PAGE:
Apple has dominated the tech news of late and, as its fairly certain that Apple will continue to sell every iPhone the company can make, as Monty Python would say; Now for Something Completely Different. The Windows 8 development team is planning a major overhaul of the venerable Task Manager. The handy program has saved many a Windows user from a system reboot over the years and has come a long way from its humble beginnings in Windows 3.0 looking like this:
to the current version in Windows 7 here:
The Windows 8 team started their planning process by seeing how real world users make use of the tools provided in Task Manager, such as killing applications, determine what processes were taking up the most memory and CPU resources , starting up or terminating services, checking network issues, and general system-admin tasks. Shockingly enough, approximately eighty-five percent of users’ main feature of choice in the Task Manager was to terminate programs. Included in that number was monitoring processes as well, since in many cases a misbehaving program or process is eating up memory and processor cycles thereby causing the system to be sluggish or even freeze.
After gathering usage information, the following goals were adopted by the Windows 8 Development Group:
Optimize Task Manager for the most common scenarios. Focus on the scenarios that the data points to: (1) use the applications tab to find and close a specific application, or (2) go to the processes tab, sort on resource usage, and kill some processes to reclaim resources.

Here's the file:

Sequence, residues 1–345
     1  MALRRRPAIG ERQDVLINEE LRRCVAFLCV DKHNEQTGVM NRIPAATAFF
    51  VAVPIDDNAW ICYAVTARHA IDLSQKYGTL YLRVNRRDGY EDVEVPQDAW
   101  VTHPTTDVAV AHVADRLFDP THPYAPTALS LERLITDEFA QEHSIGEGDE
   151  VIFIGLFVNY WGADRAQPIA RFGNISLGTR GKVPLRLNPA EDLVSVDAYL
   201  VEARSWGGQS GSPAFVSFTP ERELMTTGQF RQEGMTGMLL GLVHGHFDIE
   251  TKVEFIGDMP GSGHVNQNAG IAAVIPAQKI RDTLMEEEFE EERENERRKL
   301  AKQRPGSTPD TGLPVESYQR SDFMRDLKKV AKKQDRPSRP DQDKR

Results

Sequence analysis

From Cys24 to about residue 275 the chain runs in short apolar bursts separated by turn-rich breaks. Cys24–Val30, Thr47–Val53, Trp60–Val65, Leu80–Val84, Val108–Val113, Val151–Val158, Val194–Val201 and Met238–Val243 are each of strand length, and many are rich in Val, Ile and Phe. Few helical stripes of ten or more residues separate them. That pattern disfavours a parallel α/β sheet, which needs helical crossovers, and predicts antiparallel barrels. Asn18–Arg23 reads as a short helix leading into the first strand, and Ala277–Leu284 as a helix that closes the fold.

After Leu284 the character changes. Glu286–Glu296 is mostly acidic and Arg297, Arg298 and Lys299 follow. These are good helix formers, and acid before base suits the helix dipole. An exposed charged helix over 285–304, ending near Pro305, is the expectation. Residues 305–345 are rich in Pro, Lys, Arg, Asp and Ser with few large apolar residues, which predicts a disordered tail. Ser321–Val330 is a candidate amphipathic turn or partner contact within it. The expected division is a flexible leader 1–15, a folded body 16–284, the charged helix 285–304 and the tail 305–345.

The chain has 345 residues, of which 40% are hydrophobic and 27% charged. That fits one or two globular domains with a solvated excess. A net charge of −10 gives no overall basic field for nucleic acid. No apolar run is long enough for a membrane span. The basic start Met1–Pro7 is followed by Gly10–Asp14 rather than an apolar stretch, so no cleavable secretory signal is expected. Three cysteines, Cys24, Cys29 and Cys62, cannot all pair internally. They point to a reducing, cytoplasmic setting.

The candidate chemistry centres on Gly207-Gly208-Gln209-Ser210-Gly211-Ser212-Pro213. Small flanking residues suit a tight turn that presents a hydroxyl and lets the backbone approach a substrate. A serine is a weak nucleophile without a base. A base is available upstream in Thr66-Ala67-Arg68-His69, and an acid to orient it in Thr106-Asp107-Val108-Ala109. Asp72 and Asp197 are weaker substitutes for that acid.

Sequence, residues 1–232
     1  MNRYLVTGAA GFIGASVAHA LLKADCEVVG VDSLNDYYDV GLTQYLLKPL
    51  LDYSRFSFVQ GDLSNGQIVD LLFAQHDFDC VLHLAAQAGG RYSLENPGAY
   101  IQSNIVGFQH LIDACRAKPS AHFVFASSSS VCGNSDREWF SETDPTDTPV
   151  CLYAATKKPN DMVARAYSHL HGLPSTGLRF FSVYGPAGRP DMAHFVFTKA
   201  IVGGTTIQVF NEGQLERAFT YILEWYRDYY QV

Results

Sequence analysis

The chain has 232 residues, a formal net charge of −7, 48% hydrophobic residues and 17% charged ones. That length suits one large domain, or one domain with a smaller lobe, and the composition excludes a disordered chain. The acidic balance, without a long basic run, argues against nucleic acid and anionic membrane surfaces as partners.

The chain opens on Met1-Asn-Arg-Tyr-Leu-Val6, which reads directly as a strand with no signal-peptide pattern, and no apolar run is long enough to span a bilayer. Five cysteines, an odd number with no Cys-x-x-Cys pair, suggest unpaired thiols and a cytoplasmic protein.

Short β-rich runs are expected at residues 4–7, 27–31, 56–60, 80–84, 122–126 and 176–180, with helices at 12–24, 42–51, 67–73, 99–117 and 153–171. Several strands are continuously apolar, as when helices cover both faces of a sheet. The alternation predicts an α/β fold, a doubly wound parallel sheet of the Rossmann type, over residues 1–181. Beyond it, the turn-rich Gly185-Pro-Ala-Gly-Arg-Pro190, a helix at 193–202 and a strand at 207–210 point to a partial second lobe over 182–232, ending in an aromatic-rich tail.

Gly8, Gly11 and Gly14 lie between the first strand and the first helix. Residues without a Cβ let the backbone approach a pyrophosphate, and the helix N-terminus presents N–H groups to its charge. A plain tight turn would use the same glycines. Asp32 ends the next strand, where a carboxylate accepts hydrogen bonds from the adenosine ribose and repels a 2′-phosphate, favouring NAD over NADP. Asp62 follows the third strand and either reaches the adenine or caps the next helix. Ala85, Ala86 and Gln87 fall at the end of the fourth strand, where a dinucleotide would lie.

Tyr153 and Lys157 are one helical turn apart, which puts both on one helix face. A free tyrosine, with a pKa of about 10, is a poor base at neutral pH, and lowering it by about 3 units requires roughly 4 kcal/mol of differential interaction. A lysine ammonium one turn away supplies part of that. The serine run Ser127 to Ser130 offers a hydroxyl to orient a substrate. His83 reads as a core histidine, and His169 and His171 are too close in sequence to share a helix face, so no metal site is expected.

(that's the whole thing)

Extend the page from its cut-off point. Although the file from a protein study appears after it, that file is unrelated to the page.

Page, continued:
Use modern information design to achieve functional goals. Build a tool that is thoughtful and modern by focusing on information design and data visualization to help achieve the functional scenario goals.
Don’t remove functionality. While there are some notable core scenarios, there is a really long list of other, less frequent usage scenarios for Task Manager. We explicitly set a goal to not remove functionality, but rather to augment, enhance, and improve.
The upcoming Windows 8 Task Manager will look something like this:
Before the reader panics that all they hold near and dear in Task Manager has been taken away, note that early on Microsoft was aware that adding too many new features would overwhelm users. The plan is to solve information overload issues with what the team describes as a “More/Fewer details" button. Anyone who has ever been technical support for Windows users will appreciate not exposing new or less than knowledgeable users to information they don’t understand and will ask incessant questions about. The expanded Task Manager is shown below:
Note the new design feature of the expanded Task Manager is color coding to highlight areas where the system is experiencing problems, thereby making it easier and faster to diagnose problems. Another laudable move by the development team is the decision not to remove features that are not used by the bulk of users. This will truly benefit the individuals responsible for small business or home network by letting them keep their sysadmin tools that can be a handy and free way to manage the network users.